Whenever an AOE spell is cast, the actual target center (for circles) or target angle (for cones) differs from the intended target by a factor of 5 feet/degrees * spell level / caster level. Direction of deviation is determined by throwing 1d8 with 1 representing “north or up” and the clockwise each subsequent number representing a quarter change (1d2 for cones left or right)
My players and I use Fantasy Grounds for our online role playing.
Up until now, whenever there’s an area of effect spell (spike growth, fireball, etc) I simply draw a circle or whatever center at the point they indicate and we use that to track the AOE of the spell. That’s all fine but due to the mechanics, it produces a couple of undesirable consequences:
- They get laser like precision, being able to cast spells that affect the maximum number of enemies and never hit an ally.
- They are aware of where effects start so they can avoid the affected areas while enemies don’t.
For the second point we’ve agreed to simply not show them where the exact area of effect is, I will see it but they won’t. That improves it but they can arguably still keep it in mind with precision by simply counting squares on the map.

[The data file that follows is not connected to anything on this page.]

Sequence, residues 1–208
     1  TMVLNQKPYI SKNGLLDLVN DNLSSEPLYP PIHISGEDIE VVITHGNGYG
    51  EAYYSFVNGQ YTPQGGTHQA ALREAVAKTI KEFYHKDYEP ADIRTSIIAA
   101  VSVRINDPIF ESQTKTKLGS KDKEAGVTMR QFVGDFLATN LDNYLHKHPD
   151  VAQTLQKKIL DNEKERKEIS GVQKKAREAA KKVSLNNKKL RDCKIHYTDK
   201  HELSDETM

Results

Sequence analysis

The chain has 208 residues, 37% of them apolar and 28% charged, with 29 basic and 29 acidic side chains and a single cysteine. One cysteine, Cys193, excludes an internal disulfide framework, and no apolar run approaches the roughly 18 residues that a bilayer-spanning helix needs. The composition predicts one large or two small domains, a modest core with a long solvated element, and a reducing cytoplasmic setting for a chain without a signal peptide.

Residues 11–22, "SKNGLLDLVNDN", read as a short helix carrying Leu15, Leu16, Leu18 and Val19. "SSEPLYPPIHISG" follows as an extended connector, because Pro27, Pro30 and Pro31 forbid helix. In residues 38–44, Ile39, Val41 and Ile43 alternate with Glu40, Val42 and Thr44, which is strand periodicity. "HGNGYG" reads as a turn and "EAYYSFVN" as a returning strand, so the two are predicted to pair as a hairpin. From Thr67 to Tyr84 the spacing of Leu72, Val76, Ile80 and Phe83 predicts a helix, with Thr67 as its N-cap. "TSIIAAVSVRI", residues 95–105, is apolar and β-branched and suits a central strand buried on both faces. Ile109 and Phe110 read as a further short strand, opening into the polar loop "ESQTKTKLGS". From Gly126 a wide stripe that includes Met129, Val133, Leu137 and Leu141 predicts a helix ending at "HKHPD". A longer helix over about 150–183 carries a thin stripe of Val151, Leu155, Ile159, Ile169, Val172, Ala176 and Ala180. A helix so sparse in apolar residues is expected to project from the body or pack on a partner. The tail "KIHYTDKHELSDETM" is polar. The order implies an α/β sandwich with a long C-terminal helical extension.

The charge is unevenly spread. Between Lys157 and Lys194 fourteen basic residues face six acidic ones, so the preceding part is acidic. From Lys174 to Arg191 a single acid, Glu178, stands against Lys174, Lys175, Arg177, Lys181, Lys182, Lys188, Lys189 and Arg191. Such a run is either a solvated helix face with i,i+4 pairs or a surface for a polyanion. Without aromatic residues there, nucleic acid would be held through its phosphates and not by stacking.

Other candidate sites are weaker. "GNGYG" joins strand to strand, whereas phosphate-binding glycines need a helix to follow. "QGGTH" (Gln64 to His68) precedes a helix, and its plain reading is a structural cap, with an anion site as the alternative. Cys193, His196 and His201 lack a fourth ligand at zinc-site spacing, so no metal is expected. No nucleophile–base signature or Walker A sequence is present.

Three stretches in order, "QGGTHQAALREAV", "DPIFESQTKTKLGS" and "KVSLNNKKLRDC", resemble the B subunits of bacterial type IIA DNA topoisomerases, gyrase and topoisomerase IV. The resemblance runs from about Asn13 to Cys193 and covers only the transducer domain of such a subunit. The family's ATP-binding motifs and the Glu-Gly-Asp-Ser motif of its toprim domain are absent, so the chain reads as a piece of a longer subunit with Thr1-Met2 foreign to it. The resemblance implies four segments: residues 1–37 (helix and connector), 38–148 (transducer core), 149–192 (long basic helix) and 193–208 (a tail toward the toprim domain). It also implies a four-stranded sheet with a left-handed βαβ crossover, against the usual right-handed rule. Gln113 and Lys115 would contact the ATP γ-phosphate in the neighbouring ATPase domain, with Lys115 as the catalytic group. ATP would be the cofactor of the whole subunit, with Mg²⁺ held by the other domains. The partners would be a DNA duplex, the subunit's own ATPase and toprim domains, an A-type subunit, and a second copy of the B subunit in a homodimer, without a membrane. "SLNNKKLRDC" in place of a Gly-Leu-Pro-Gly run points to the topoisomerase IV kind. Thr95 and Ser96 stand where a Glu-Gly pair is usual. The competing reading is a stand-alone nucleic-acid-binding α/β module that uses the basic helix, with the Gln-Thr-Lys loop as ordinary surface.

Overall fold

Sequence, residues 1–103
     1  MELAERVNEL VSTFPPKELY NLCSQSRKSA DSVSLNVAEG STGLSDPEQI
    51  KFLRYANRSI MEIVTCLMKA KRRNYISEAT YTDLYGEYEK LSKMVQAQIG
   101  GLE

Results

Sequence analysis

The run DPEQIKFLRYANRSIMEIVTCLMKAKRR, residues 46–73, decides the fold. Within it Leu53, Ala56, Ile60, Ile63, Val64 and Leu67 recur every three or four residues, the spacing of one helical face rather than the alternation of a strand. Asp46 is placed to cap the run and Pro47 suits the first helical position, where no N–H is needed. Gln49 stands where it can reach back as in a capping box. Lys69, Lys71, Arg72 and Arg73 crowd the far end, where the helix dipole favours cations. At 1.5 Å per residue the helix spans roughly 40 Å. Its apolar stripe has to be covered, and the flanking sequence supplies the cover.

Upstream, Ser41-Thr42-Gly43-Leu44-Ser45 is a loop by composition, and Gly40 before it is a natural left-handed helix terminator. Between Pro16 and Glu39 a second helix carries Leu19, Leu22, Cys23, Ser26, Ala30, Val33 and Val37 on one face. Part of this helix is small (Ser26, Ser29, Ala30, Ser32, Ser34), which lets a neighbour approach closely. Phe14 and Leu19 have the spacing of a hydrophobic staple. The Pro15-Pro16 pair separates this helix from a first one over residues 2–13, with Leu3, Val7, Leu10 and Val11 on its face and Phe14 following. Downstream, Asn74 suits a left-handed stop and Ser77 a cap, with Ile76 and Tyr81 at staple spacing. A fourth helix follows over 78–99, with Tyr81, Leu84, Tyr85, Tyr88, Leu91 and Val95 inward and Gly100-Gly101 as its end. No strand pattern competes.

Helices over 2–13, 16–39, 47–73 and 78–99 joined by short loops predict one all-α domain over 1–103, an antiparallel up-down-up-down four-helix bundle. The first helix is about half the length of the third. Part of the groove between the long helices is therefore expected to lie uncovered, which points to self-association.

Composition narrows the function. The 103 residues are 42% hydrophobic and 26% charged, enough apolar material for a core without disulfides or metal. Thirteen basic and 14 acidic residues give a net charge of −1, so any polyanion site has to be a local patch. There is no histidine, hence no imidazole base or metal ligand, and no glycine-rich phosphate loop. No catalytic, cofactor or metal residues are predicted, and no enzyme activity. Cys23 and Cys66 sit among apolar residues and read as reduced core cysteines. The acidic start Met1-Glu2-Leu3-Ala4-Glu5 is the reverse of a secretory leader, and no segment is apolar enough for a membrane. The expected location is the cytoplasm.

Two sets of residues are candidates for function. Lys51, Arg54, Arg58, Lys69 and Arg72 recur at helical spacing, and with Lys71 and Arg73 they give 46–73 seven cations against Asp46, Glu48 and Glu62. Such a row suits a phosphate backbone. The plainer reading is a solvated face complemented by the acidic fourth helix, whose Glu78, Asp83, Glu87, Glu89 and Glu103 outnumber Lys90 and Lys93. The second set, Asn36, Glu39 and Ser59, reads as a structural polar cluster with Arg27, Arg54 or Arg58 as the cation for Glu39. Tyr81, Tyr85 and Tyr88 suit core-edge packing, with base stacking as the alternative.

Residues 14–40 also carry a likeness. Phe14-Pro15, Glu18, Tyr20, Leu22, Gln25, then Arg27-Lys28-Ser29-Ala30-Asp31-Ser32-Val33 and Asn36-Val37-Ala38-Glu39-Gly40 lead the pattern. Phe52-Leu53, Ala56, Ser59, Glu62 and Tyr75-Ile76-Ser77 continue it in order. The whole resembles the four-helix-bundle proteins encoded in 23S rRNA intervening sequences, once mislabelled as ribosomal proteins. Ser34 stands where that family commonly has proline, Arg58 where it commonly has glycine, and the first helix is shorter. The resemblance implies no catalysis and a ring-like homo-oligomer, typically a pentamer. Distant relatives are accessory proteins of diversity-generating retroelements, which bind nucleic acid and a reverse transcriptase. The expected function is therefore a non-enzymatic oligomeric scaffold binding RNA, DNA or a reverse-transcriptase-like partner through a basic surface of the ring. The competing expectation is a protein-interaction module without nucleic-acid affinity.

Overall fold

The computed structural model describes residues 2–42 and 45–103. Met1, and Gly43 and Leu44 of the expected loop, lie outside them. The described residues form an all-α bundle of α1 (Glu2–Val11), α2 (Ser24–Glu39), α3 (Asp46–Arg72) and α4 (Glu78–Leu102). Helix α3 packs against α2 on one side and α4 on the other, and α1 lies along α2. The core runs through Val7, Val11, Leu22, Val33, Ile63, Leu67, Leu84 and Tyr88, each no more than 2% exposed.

We have, therefore, agreed to introduce some randomness in the “aiming” of the spell. You intent to put the center somewhere but, since you’re just human after all, you don’t get it perfect.
Current line of thought is to make it small but noticeable, maybe up to 2.5 to 5 feet away from your intended target. That’s easy to make it random but there have been chats for making it rely on spell caster level vs target ability or vs spell level (I.e. distance from intended target is 5 feet * spell level / caster level).
You are a level 5 wizard casting a fireball spell. You select a target center, and roll 1d8 getting 5. The fireball impacts at a point roughly 3 feet below your intended location.
After seeing the linked question, I still prefer this to a check against an AC. Isn’t this system no matter how good you are you’ll never get it exactly right (which is how good aim works in real life). The better you are, the closer you get, but a level 15 wizard will still get it wrong by a feet.